Firth plays Stanley Crawford a.k.a. Wei Ling Soo, a famous magician who is world renowned for his illusions. During his performances, Stanley dresses up in full Chinese garb and pretends to be from the Orient, adding a bit of mystique to his shows. In reality, Stanley is quite the cynic, believing in nothing but pure science and writing things like magic, the existence of God and, in the case of Sophie Baker (Stone), psychics off as nothing more than hokum. When his old magician pal Howard Burkan pays him a visit after a show in Berlin, Stanley is, at first, delighted to see him. When the two begin to talk, Howard informs Stanley that a clairvoyant has taken over the home of a wealthy American family, living in the French Riviera, convincing them all that she's the real deal. In fact, Howard even admits that she's got him convinced, a man once as skeptical as Stanley when it came to such mystical things. Howard asks Stanley if he'll travel with him back to the home of the American family, the Catledges and help him debunk Sophie Baker, who has the son of the family, Brice (Linlater), so convinced that he intends to marry her and spends his days serenading her with his ukulele. Stanley accepts the challenge, considering the debunking of mystics to be a hobby of his. He puts he and his fiance's vacation on hold and travels with Howard to the French Riviera, where he meets the Catledges and Sophie. Once there, Sophie immediately begins to get visions about Stanley, going into fugue like states and revealing personal details that she couldn't possibly know unless she was legit. Soon Stanley begins to fall under Sophie Baker's spell and realizes that she must be the real deal, admitting that he's been wrong all these years and that now anything is possible, even the existence of God. However, there's more to Sophie than meets the eye...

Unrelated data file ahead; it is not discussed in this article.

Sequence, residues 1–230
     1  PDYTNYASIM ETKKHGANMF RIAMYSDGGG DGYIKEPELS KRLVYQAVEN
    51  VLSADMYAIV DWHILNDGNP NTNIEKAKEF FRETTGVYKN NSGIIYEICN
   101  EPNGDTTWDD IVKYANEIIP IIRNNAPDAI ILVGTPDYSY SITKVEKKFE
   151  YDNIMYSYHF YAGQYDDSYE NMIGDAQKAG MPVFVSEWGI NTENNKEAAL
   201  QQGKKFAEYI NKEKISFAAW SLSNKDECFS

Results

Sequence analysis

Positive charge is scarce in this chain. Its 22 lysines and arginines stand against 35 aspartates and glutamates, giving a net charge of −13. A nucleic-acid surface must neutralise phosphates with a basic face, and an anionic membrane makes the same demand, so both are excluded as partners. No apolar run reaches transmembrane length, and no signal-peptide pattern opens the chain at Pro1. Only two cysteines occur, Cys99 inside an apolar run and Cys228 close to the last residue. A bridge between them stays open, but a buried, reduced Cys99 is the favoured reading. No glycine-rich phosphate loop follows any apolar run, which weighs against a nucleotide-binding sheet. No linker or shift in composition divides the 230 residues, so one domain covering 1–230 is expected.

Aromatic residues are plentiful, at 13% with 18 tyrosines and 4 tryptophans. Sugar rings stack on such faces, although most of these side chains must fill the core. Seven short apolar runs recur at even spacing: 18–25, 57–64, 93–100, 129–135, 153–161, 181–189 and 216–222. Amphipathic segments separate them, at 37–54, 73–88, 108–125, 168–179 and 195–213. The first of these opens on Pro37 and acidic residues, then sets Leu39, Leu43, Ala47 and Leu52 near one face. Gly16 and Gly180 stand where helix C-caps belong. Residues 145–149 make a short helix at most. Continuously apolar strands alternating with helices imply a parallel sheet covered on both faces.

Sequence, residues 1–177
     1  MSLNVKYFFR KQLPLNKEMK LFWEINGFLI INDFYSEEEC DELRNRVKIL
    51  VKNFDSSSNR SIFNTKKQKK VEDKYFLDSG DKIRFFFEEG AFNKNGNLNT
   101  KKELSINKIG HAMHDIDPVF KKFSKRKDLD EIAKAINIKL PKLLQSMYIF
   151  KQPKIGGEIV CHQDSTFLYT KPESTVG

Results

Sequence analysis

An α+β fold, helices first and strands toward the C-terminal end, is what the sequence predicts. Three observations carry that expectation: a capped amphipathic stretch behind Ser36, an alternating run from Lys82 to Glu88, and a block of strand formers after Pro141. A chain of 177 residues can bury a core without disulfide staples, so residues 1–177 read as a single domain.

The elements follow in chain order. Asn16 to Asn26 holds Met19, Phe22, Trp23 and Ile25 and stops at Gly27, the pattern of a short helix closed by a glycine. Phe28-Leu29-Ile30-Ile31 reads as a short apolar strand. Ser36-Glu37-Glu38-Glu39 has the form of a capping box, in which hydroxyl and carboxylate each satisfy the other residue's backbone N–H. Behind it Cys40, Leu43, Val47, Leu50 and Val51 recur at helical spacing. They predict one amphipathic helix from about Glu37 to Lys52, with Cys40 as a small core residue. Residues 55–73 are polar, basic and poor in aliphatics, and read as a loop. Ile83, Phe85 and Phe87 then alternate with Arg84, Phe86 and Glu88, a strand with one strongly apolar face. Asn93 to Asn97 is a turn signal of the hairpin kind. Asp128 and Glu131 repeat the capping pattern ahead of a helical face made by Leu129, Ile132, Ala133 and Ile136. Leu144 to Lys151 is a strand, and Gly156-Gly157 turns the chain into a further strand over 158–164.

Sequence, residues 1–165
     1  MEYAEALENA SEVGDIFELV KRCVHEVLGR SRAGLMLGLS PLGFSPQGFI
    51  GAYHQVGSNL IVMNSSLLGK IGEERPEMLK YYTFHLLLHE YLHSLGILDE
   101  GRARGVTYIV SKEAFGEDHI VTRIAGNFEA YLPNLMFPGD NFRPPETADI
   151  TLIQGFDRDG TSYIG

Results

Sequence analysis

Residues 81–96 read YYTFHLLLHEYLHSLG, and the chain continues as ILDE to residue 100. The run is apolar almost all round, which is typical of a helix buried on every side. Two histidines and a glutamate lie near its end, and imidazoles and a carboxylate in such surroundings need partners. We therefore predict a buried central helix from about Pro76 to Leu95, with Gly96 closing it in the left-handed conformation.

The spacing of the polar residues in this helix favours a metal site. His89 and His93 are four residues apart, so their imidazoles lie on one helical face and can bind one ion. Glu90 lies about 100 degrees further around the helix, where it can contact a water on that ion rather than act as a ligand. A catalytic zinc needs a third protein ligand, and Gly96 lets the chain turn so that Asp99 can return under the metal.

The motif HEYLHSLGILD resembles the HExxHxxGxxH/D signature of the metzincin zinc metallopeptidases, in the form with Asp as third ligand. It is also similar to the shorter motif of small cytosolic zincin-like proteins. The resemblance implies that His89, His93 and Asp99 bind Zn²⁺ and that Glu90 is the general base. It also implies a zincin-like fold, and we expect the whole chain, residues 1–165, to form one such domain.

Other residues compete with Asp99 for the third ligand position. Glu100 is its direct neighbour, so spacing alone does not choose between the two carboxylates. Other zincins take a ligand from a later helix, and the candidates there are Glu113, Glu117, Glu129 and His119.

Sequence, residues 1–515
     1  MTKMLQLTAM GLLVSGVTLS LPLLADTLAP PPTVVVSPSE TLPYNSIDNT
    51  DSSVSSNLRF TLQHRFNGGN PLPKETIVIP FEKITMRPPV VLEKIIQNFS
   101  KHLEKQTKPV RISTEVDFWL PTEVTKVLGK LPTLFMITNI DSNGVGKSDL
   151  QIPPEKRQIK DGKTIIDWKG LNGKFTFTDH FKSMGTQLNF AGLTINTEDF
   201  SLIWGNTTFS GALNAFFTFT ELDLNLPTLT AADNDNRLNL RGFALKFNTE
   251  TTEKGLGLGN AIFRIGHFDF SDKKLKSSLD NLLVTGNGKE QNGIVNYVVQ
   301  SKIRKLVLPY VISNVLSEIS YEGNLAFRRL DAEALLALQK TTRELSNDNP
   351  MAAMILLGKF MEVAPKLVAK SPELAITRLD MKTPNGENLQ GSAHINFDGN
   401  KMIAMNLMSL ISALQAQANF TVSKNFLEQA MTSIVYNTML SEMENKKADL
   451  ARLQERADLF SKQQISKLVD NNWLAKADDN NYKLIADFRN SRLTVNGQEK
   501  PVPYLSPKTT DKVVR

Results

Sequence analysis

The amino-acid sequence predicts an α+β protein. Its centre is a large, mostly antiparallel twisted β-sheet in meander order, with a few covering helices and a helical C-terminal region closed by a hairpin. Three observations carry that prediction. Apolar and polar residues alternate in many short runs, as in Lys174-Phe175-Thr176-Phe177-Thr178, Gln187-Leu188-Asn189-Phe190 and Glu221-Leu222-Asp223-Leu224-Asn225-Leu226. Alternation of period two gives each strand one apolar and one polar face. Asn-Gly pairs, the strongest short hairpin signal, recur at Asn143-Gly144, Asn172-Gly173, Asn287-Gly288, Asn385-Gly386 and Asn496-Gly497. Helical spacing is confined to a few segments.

Unless I'm forgetting something (which with forty plus movies under his belt, I very well may be) Woody Allen has just recently taken a deeper interest in certain things that he didn't used to bat an eye toward. I'm talking about things like clairvoyants, seance's, reincarnation and the existence of an afterlife. Sure, he's always pondered the existence of God, I mean that's one of the things that sets him apart. Just look at Hannah and Her Sisters, where most of Woody Allen's onscreen part is him playing a man who begins questioning his own atheism and trying to discover a new religion, a deeper meaning to life. In Magic in the Moonlight, I saw a (and I could be way off base) a Woody Allen who is seventy-nine years old and starting to do some wishful thinking that maybe there is a God. Okay, maybe it's less wishful thinking and more him say "what if" or "what if I've been wrong this whole time". One thing Woody Allen fans know is that he is a tried and true atheist, but I also think they'll agree that he's always been one that has constantly questioned and never been afraid to make the point that he COULD be wrong, as impossible as that may be. Look at the scene where Firth's Stanley prays to God that his aunt make it out of surgery alive. Stanley quits mid-prayer and when his aunt pulls through he denounces prayer as a factor since he never finished the prayer. However, in the following scene Sophie reminds Stanley that Brice WAS praying for Aunt Vanessa and that maybe it was the prayer that made her pull through. In my view, Stanley represents Woody Allen here and Sophie represents the possibility that there is a God. In the end, Sophie is found to be a fraud, but Firth still flirts with the idea of her, despite knowing that she doesn't exist as a mystic.